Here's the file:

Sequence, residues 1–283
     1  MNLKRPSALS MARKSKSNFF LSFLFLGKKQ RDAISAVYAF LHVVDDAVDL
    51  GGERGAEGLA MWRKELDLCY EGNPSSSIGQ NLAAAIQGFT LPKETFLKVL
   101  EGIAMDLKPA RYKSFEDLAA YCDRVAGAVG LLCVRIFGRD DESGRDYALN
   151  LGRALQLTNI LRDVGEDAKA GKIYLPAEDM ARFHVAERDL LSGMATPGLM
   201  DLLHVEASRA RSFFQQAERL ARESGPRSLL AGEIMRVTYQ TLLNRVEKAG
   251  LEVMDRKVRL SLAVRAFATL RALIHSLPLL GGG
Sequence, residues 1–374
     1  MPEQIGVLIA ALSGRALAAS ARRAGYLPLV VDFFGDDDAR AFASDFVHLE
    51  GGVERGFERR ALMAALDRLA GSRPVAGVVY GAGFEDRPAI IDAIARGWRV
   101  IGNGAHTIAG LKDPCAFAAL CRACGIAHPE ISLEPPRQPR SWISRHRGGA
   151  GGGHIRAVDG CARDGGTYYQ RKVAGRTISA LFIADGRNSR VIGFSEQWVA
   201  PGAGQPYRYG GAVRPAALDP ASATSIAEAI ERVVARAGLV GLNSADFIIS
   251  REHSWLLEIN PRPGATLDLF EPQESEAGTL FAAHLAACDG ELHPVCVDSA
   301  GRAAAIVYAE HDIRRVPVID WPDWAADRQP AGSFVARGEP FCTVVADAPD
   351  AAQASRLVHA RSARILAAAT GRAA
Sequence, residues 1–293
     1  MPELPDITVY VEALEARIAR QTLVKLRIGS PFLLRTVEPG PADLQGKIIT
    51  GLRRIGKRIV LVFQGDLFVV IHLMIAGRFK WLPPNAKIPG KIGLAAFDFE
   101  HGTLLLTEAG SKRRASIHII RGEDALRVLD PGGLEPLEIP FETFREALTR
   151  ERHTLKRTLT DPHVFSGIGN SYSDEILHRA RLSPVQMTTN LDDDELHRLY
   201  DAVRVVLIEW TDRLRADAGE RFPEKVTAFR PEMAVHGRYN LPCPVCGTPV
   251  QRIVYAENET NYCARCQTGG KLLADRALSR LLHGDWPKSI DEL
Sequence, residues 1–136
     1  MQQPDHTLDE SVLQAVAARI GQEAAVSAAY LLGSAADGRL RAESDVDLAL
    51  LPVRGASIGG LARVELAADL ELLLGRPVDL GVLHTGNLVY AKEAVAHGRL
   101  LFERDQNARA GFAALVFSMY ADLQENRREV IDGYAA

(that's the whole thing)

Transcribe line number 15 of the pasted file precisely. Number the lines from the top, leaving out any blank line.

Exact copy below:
   301  GRAAAIVYAE HDIRRVPVID WPDWAADRQP AGSFVARGEP FCTVVADAPD